On the November 26th, 1943 Jacob Kessler Jenkins and the 853rd Engineer Battalion, Aviation sailed out of Oran, Algeria on the British owned and operated transport ship, HMTS Rohna. Later that day, the convoy that the Rohna was a part of was attacked by German aircraft. After initially beating of the attack, another German plane approached the convoy, and launched a new weapon, a radio-controlled glider bomb, in essence, the worlds first guided missile. 

The Rohna was struck by the missile, which blew a hole through both sides of the ship, killing 300 Americans immediately, many of the members of the 853rd Engineers.  Jacob Kessler Jenkins most likely met his fate there. The ship quickly sunk, and over 1000 Americans were lost that in the ensuing hours.

The sinking of the Rohna was kept secret from the public during the war, for reasons of wartime security. Sadly, the government waited over 50 years before declassifying the story, and the families of those lost on the Rohna were never told the truth of their loved ones fate. Only in the 1990s, due to efforts of survivors of the sinking, was any official acknowledgement made.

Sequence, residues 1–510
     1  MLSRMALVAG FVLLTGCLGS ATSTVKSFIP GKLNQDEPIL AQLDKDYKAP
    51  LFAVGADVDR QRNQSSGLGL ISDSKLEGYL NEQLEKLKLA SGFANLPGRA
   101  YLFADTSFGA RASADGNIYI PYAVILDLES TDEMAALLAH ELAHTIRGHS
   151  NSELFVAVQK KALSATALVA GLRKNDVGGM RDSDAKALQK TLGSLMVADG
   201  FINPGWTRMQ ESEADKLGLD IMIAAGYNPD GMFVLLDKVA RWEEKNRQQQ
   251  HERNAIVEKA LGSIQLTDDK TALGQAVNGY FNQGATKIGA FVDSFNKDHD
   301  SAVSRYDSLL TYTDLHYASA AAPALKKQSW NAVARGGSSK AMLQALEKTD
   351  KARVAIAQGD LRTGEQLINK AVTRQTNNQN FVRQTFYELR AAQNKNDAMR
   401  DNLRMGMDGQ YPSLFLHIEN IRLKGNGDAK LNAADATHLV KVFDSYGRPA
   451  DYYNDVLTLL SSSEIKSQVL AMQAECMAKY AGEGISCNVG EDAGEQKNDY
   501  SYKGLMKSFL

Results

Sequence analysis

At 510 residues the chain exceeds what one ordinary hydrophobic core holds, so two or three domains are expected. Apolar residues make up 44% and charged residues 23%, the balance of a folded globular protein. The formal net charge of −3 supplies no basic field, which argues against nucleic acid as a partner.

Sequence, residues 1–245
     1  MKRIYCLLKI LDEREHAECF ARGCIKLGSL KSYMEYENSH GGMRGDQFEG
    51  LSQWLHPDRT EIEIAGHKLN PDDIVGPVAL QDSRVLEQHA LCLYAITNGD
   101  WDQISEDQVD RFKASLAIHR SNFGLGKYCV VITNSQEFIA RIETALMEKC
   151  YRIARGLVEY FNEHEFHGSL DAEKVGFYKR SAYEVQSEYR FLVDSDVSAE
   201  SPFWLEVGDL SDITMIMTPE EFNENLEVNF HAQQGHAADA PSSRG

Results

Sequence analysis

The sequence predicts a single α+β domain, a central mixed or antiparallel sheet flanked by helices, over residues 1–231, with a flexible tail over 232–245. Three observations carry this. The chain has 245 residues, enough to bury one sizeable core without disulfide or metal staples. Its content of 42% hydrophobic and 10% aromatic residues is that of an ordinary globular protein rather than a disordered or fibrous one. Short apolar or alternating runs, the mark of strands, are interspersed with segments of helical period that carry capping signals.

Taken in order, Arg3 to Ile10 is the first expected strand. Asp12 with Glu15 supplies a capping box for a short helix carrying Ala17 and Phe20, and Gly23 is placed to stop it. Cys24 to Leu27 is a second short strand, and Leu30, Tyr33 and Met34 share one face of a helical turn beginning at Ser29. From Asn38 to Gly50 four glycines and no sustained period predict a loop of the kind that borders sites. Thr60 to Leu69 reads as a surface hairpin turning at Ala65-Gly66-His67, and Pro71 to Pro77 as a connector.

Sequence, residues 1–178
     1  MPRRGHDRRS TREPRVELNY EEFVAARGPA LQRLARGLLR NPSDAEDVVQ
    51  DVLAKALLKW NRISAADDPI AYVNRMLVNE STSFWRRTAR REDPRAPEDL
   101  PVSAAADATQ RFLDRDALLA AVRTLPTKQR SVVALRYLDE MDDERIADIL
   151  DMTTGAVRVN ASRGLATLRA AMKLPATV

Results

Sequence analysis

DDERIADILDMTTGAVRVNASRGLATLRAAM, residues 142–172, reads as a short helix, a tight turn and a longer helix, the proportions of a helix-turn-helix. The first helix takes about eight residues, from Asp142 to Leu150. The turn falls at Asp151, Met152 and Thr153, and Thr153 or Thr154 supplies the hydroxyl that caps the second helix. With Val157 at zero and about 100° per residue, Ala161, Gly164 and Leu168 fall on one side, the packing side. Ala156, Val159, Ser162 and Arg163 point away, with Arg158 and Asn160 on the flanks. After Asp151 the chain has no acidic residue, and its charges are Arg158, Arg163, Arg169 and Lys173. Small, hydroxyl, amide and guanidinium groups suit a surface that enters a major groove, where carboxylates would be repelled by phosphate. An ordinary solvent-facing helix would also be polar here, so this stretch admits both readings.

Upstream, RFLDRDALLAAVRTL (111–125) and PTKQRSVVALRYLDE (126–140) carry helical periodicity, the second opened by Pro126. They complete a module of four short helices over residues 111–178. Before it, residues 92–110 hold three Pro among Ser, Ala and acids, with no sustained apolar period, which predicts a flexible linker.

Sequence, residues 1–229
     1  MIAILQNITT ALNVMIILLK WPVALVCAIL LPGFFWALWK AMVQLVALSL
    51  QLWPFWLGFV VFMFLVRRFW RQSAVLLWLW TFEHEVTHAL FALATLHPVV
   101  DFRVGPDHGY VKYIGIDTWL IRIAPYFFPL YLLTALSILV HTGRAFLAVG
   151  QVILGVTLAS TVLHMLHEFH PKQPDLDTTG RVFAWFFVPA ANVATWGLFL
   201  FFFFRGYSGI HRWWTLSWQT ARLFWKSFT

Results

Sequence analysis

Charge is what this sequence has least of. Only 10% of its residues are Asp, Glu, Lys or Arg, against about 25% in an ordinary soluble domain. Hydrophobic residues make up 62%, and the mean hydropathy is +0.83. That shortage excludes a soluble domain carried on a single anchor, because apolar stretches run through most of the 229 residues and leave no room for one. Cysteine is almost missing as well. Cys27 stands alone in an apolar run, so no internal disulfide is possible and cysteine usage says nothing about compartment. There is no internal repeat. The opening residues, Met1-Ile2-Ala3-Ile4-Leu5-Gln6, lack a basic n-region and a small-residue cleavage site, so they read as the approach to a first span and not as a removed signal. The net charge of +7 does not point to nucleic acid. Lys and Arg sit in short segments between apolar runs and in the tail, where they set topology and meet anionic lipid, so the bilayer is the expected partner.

Private Jenkins was survived by his wife Isabella Jenkins, his mother, Jennie Jenkins, his brother Emory Jenkins, and his sister, Ethel Jenkins Shinn. 


EVENING COURIER
CAMDEN, N.J., TUESDAY, JUNE !3, 1944

15 DEAD, 2 MISSING FROM SOUTH JERSEY
Former Camden Resident, Holder of Six Awards, Among New Casualties
SHILOH FLIER LISTED DOWNED IN EUROPE

Fifteen South Jersey men were among the 1511 reported by the War Department today as killed in action on the six fighting fronts. Two others from this area are reported missing.

Killed:
  
Staff Sergeant Ronald J. Pearce, of 330 Delancey Street, Philadelphia, formerly of 3404 Federal Street, Camden.
  
Private First Class Charles La Porta, of 142 Chestnut Street, Williamstown.
  
Private Frank Ballerino, of 2004 South 10th Street, Camden.
  
Sergeant Elmer F. Day, of 521 Lexington Avenue, Merchantville.
  
Corporal William T. Eastlack, of 142 I Street, Carney's Point.